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Tomball Economic Development Corporation pursues culinary incubator, food hall concept to address farmers market growth

Tomball Economic Development Corporation pursues culinary incubator, food hall concept to address farmers market growth

The Tomball Farmers Market began in 2009 and has served as a starting point for many businesses before opening brick-and-mortar locations in the city. (Anna Lotz/Community Impact Newspaper)

 

By Anna Lotz

The Tomball Economic Development Corporation is considering creating a culinary incubator space to support emerging food entrepreneurs in the city of Tomball, Executive Director Kelly Violette said.

The incubator space could include a commercial kitchen, open for food entrepreneurs to rent by the hour or day, and a food hall—similar to a mall food court—open to the community where all of the vendors are local businesses, Violette said.

“[This idea] came out of the growth and success of the Tomball Farmers Market and the businesses that are growing out of that,” Violette said during an annual TEDC update during a June 17 City Council meeting.

Tejas Chocolate & Barbecue, Pain Train Salsa, Caroline’s Kitchen and BZ Honey are just a few of the businesses that have opened in downtown Tomball after finding success at the Tomball Farmers Market—a market held each Saturday on Main Street.

“It’s slowly starting to transform not just our downtown but our town as far as being kind of a food destination,” Violette said. “One of the challenges that came up in discussing this with some of these businesses is a lack of space that’s available for them when they’re…ready to move to the next step [from the farmers market].”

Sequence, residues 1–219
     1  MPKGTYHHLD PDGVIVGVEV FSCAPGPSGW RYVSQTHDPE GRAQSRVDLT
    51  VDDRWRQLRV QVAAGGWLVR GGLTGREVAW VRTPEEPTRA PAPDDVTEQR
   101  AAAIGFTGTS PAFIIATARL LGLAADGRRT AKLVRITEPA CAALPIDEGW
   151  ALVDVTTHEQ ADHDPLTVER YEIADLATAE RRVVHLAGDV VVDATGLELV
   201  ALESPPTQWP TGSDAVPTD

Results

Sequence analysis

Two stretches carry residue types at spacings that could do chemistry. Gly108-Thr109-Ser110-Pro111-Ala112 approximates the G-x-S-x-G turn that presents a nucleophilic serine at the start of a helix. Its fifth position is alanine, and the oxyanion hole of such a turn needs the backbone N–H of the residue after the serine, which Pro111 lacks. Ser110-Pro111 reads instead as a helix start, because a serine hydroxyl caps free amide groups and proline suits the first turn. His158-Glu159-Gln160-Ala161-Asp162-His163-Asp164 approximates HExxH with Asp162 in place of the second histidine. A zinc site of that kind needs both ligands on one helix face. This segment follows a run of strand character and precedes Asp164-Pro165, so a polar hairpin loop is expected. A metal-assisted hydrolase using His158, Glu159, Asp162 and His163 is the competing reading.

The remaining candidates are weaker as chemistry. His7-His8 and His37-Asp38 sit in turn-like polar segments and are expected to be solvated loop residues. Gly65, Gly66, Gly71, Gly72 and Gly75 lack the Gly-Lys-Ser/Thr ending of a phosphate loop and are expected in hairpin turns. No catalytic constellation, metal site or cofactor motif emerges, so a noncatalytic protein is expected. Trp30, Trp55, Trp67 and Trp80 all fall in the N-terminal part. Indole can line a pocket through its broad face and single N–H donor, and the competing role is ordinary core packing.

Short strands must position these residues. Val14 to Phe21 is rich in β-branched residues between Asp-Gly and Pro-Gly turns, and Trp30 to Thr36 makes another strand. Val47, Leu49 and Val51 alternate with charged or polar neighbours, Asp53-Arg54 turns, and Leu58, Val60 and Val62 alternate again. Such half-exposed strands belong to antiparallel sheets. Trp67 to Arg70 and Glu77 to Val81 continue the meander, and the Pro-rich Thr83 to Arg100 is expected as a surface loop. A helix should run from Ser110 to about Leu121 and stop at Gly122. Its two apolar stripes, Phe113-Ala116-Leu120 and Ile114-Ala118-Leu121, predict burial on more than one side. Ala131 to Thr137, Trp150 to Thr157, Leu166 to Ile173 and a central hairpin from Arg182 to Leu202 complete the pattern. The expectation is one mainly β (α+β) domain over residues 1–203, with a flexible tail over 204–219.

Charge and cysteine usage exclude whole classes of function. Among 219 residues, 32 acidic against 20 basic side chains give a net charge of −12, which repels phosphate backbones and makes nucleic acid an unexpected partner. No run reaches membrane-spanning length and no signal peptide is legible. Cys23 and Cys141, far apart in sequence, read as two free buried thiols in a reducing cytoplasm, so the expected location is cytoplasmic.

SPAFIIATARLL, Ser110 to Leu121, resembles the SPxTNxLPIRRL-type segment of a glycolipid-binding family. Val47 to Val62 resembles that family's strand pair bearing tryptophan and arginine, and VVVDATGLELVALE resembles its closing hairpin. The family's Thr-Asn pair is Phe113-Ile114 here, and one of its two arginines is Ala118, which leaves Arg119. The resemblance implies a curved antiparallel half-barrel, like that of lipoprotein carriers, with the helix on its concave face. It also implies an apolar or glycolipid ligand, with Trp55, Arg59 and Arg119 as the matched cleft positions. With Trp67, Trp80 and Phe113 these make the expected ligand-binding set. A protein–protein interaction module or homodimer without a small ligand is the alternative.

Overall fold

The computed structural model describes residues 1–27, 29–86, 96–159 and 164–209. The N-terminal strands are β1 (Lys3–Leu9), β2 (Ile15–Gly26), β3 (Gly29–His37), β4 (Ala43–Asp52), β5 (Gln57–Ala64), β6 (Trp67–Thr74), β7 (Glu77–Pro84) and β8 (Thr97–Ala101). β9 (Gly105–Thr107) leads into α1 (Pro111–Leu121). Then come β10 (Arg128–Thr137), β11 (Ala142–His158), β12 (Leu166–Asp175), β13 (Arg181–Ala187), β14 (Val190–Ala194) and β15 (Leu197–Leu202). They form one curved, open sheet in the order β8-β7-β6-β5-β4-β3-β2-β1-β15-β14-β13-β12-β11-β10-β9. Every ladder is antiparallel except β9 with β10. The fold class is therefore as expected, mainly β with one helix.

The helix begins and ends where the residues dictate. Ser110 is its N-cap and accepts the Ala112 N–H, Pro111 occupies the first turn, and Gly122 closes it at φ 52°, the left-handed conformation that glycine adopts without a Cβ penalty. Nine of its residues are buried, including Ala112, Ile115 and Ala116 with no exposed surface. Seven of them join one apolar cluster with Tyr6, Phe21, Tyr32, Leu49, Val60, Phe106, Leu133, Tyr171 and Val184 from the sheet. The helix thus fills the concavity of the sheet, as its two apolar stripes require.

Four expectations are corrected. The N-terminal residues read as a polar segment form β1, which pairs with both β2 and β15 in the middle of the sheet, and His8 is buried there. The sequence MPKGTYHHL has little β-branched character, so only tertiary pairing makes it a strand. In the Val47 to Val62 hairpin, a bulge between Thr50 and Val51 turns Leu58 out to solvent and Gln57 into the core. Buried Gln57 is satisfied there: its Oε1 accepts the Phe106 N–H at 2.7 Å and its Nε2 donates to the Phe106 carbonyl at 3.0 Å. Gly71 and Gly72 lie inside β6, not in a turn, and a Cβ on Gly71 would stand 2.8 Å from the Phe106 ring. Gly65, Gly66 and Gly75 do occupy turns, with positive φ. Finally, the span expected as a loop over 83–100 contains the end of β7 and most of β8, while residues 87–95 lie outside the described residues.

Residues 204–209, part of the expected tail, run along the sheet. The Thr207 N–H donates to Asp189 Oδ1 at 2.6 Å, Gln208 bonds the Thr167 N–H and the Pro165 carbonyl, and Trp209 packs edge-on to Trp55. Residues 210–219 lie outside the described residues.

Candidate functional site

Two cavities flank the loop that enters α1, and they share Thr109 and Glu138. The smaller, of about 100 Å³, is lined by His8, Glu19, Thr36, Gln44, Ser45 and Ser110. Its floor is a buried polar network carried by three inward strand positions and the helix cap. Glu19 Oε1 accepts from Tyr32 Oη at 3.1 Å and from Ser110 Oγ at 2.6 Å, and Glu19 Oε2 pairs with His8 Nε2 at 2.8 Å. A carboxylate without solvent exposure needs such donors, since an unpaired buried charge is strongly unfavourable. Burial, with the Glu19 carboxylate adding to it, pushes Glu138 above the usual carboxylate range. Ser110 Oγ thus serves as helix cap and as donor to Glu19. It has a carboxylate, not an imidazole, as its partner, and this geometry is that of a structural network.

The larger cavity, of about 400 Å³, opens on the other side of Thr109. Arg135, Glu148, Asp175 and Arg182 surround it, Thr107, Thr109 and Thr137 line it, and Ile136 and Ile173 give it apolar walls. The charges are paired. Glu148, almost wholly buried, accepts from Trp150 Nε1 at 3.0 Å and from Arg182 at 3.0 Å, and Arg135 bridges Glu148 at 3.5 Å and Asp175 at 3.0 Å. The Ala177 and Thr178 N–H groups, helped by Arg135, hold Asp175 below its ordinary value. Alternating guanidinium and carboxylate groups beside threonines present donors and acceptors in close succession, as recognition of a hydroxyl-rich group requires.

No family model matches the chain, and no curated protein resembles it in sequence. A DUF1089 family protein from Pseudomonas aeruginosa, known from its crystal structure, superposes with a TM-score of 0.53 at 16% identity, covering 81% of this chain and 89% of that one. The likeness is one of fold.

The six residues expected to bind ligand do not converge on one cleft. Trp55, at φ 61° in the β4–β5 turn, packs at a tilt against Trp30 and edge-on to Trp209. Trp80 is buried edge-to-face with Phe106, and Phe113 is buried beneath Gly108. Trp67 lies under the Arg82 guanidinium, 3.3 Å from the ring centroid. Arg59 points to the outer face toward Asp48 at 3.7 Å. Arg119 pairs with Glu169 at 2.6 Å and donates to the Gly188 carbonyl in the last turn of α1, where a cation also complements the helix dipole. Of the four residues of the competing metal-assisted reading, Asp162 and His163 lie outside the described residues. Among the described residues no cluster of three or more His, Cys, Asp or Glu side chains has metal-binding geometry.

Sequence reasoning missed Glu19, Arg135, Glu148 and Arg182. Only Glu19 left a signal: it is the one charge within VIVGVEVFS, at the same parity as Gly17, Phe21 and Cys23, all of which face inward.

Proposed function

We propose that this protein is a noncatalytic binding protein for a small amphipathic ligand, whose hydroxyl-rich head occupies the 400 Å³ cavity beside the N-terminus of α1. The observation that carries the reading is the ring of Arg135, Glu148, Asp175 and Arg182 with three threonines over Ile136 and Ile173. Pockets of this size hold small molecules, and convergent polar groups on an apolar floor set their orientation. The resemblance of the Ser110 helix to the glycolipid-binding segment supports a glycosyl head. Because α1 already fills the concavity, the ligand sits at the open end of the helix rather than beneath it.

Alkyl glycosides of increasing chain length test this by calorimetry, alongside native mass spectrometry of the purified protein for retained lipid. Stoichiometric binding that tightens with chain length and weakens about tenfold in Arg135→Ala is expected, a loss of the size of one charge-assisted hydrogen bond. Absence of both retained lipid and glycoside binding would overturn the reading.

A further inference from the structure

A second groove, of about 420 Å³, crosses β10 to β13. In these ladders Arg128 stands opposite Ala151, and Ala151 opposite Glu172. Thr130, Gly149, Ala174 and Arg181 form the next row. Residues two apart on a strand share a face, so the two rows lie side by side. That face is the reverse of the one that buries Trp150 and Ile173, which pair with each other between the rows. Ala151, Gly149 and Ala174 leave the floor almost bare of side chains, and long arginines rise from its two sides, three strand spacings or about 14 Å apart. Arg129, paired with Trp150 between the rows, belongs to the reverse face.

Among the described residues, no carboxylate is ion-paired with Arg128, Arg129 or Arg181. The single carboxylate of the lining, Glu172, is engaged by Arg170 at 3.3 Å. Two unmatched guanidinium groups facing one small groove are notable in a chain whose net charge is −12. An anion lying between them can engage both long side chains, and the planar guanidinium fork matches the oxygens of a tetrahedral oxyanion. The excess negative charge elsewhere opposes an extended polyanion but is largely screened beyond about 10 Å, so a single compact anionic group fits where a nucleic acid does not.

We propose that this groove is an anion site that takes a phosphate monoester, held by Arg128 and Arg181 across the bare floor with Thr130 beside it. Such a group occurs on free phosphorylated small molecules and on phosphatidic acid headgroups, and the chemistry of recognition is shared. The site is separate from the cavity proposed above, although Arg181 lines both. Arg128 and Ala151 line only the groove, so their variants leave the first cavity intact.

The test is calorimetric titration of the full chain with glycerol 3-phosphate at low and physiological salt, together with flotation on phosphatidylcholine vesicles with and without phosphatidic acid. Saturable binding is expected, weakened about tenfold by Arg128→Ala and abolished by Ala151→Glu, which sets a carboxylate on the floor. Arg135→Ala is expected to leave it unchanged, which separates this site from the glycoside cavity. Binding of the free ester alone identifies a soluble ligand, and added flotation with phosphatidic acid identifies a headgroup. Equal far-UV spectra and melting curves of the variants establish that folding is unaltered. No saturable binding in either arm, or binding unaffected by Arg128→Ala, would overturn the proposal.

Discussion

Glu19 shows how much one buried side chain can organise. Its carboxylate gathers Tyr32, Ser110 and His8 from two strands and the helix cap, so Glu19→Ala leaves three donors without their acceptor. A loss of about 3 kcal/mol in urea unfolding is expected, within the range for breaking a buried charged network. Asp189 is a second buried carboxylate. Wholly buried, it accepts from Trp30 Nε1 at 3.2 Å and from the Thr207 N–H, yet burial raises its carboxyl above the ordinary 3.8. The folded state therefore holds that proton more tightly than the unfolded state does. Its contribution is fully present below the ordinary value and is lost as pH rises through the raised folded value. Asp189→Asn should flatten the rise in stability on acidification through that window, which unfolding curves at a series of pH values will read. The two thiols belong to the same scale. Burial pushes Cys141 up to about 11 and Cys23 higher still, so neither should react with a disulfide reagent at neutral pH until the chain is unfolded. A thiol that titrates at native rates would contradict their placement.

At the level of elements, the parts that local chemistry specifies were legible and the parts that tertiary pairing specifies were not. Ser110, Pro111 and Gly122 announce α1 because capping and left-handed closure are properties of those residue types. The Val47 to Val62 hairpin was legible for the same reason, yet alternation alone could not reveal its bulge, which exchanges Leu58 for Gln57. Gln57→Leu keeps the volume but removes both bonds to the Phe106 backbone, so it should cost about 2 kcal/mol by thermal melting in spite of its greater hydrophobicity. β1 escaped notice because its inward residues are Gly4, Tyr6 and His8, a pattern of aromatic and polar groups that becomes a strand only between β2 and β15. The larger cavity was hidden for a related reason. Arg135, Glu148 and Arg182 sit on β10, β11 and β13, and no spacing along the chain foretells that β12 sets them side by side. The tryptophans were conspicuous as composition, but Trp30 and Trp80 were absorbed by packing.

Paired with limited available space, new food-based businesses also have the financial challenge of outfitting a building with a commercial kitchen, she said.

“One of the things we had found [in talking with the farmers market]is that several potential businesses that sprouted out of the farmers market then ended up going elsewhere because they couldn’t find space here,” Violette said. “We’re losing opportunity; we’re losing potential businesses, and we’re not meeting the needs of entrepreneurs.”

In its 2019-20 fiscal year, the TEDC plans to hire a culinary incubator consultant to determine the feasibility of creating an incubator space—exploring partnerships with Tomball ISD and Lone Star College-Tomball and looking at funding options—and explore potential locations for the facility, Violette said.

Over the last year, the TEDC has visited various culinary kitchens and food hall concepts across the nation to help figure out what would work best for the Tomball community, Violette said.

 

Sizes of culinary incubators have varied from about 3,000 square feet to 80,000 square feet, she said. Some incubators also limit the time a vendor can stay put and offer reduced rent prices for the businesses. For example, a vendor may be able to work out of the shared culinary kitchen for three years and then be expected to move on to its own facility. Rent prices gradually increase to the standard rental rate as the businesses gain traction.